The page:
Succeed with Donor-Advised Funds: 7 Creative Strategies
While donor-advised funds (DAFs) have been around since the 1930s, their popularity with donors has increased significantly in recent years for two reasons.
First, national investment firms like Fidelity, Schwab, and Vanguard joined the game, making DAFs more available and accessible to the average donor. Many community foundations have donor-advised fund thresholds of $5,000 or more that are out of reach for most donors. But today, donors can open a DAF at Fidelity, for example, with no minimum contribution; and they can even make grants through an app on their phone.
The second reason for the increasing donor interest in DAFs is the Tax Cuts and Jobs Act of 2017, which almost doubled the standard deduction for individual filers, joint returns, and heads of household. As a result, many donors who previously itemized their charitable deductions on Schedule A now get a better tax break using the standard deduction; but in taking the standard deduction, they lost some of the incentives for charitable contributions that are available to those who itemize. The donor-advised fund, however, provides an alternative tax incentive by allowing donors to use pre-tax dollars for their contributions.
Proponents of donor-advised funds claim that their increasing popularity benefits philanthropy. But critics take issue with some of the problematic aspects of DAFs:
- With no payout requirements, funds can accumulate in DAFs and not reach charities
- DAFs can act as a firewall between the nonprofit and donor, providing anonymity for the donor and impeding stewardship
- For-profit companies own the largest DAFs, where management fees incentivize hoarding
- When money does leave a donor-advised fund it often moves to another DAF
- A market downturn potentially means less money ultimately reaches the charity than the amount originally donated
- DAFs increase the potential for “shadow giving” where “dark money” flows anonymously to organizations
Efforts to address some of these issues are currently underway — most notably the Accelerating Charitable Efforts Act (the "ACE Act") introduced this past June by Senators Angus King (I-ME) and Charles Grassley (R-IA).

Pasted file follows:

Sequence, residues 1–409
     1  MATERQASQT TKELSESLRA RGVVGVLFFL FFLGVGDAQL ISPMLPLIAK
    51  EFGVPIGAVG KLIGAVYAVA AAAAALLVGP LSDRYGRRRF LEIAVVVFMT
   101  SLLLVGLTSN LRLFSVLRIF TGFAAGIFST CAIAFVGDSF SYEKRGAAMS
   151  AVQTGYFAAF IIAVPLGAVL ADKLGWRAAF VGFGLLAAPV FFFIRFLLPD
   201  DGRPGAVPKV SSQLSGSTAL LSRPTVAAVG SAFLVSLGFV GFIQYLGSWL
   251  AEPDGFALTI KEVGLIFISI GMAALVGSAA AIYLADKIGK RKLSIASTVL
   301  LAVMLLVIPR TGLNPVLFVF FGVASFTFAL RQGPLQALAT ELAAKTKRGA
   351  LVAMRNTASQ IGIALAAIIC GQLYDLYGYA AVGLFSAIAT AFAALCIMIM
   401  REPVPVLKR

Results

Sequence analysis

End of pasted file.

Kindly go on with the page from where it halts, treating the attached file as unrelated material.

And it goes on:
Regardless of whether reform efforts succeed, the DAF genie is out of the bottle. More than $140 billion resided in DAF accounts in 2019, up from $45 billion just seven years earlier, according to the most recent industry estimates. The donor-advised fund is simply the latest giving vehicle becoming popular with donors.
Therefore, your job as a fundraiser is to meet your donors where they are, accept the donor-advised fund as a valid giving vehicle, and ensure that your fundraising strategy accommodates donors who choose to make contributions via a DAF.
Here are 7 creative strategies to help your nonprofit adapt to the growing popularity of donor-advised funds.
1. Let Donors Know You Accept Grants from DAFs
Any 501(c)(3) nonprofit can receive grants from a donor-advised fund, so it may seem unnecessary to advertise that fact to donors. But just because a donor has a DAF doesn’t mean they understand it as well as you do. Maybe it was recommended by their financial advisor, or set up by a spouse or parent. Regardless, rule number one in fundraising still applies: You won’t get the donation if you don’t ask.
To start, make sure you add donor-advised funds to the “Ways to Give” sections of your website and other promotional materials. Include it as part of your outreach to your donors. Send a short “Did you know?” email to donors in advance of tax season, “reminding” them of the tax benefits of donating to your nonprofit from their DAF. And of course, include DAFs in your conversations with all major donors, especially when discussing planned giving.